Introducing the city

£1.00 | ¥142


Gasoline £0.87 | ¥124

One-way ticket £1.26 | ¥180

Beer £2.81 | ¥400

Main Course £7.02 | ¥1,000

About Tokyo

Lit by neon lights, dotted with sublime eating options and famed for its all-day, all-night energy, Tokyo is an international, kaleidoscopic capital.

Sci-fi buildings rise from the bustling roads below, traditional wooden shuttered markets fill with locals and swanky businessman glide around in taxis; Tokyo is a city of many sides. It has one of the most cosmopolitan dining scenes in the world (as well as more Michelin-starred restaurants than any other city) as well as some of the quirkiest, most eclectic nightlife options. Famous buildings include Tokyo Tower and the Metropolitan Government Office (both with splendid views), the Meiji Jingu Shrine and Senso-ji Temple. There's also an abundance of beautiful green spaces (a must if you visit during cherry blossom season) - Shinjuku Gyoen National Garden or waterside Chidorigafuchi are two of the best.

For delicious food try Tsukiji Market or a yakitori stall for a bowl of grilled chicken and noodles. After, wander along shanty-style alleys to find a tiny bar or drinking spot. For a more contemporary explore, people-watch at one of the mega-malls, home to quirky shops and pop-arty dressers.

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When Should You Visit?

With something always going on, Tokyo is a great year-round destination. If you're looking to catch the cherry blossom season, plan a trip in March.

Tokyo lies in a humid subtropical area. It has hot and humid summers; winters are generally mild although some colder spells may occur. The hottest month is August with an average temperature of 26 degrees Celsius and the coolest month is January with an average temperature of five degrees Celsius. Winters may see some snowfall and the occasional typhoon may also happen, although usually in the summer months. The wettest month is September.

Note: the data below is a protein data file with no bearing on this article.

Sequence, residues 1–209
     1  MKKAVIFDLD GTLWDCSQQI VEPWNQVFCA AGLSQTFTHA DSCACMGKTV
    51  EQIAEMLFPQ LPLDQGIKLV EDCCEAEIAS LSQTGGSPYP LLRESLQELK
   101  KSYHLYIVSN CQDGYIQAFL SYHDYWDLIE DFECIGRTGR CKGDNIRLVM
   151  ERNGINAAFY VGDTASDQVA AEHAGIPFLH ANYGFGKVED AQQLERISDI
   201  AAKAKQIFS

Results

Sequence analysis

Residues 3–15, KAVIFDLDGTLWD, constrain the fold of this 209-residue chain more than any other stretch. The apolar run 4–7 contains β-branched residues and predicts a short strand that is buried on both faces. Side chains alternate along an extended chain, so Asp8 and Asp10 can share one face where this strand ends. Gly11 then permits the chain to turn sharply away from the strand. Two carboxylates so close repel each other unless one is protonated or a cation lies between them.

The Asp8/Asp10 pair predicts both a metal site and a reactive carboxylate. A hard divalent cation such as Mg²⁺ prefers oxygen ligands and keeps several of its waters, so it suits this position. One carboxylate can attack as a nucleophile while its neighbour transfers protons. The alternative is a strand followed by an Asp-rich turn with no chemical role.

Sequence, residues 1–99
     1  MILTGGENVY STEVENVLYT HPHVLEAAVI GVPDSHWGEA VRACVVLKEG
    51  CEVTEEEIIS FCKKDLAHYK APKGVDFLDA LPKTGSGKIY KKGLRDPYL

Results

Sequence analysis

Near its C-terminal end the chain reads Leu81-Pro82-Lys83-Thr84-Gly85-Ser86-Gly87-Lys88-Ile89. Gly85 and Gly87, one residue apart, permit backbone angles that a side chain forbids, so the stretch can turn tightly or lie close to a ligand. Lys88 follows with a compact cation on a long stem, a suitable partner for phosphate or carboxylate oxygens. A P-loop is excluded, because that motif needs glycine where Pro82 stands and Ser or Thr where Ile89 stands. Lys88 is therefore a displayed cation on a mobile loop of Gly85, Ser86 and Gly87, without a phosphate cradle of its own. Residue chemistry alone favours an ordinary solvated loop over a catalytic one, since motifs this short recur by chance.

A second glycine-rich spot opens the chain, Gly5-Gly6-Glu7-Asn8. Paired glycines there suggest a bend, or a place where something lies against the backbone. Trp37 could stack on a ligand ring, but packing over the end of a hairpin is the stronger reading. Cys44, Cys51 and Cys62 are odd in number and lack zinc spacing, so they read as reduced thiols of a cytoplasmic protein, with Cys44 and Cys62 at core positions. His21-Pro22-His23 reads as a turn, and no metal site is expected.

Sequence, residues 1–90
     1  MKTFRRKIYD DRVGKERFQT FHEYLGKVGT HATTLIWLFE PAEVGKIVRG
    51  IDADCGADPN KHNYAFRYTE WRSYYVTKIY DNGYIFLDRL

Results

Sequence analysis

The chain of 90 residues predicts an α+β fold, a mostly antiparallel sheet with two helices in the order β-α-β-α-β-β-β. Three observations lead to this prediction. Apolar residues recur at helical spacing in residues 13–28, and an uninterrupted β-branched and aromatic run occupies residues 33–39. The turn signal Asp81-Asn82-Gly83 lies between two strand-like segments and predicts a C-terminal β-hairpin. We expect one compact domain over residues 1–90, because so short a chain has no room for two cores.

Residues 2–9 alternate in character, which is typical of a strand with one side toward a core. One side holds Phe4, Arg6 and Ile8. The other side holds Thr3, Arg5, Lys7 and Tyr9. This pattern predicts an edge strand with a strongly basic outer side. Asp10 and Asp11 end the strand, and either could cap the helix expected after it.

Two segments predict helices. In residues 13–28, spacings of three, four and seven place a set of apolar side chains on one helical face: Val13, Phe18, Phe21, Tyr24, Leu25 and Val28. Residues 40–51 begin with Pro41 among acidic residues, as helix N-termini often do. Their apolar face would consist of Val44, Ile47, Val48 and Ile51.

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Travioor top tips


Insider Info

  • Despite its wonderful views Tokyo Tower is a tad overpriced. Instead opt for Tokyo's Metropolitan Government building which has a little-known free viewing platform.
  • If you have a smartphone download the offical (and free) Tokyo Subway navigation app. It works offline and you can select English as your language preference.
  • If you're on a budget, try a convenience store known as a konbini. There's a surprisingly good range of options, including sushi, bento boxes, prepared rolls and more.

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Food and drink

Main Course £7.02 | ¥1,000

3-Course Meal £35.12 | ¥5,000

Cappuccino £2.68 | ¥381

Beer £2.81 | ¥400

The Scene

If there was one word to describe traditional Japanese food it would be sushi. As the capital, Tokyo has a mind-blowing selection of sushi options and you won't struggle to fine decent options for all budgets. There are hundreds of varieties to try but two of the best are uni (creamy, sea urchin roe) and ama-ebi (sweet shrimp). Many sushi options come rolled in rice or topped with raw fish (sashimi) sliced into thin pieces and sprinkled with soy sauce. Other popular dishes include sukiyaki (thinly chopped beef, tofu, vegetables and vermicelli), tonkatsu (deep-fried pork cutlet covered in breadcrumbs) and soba noodles (made from buckwheat flour).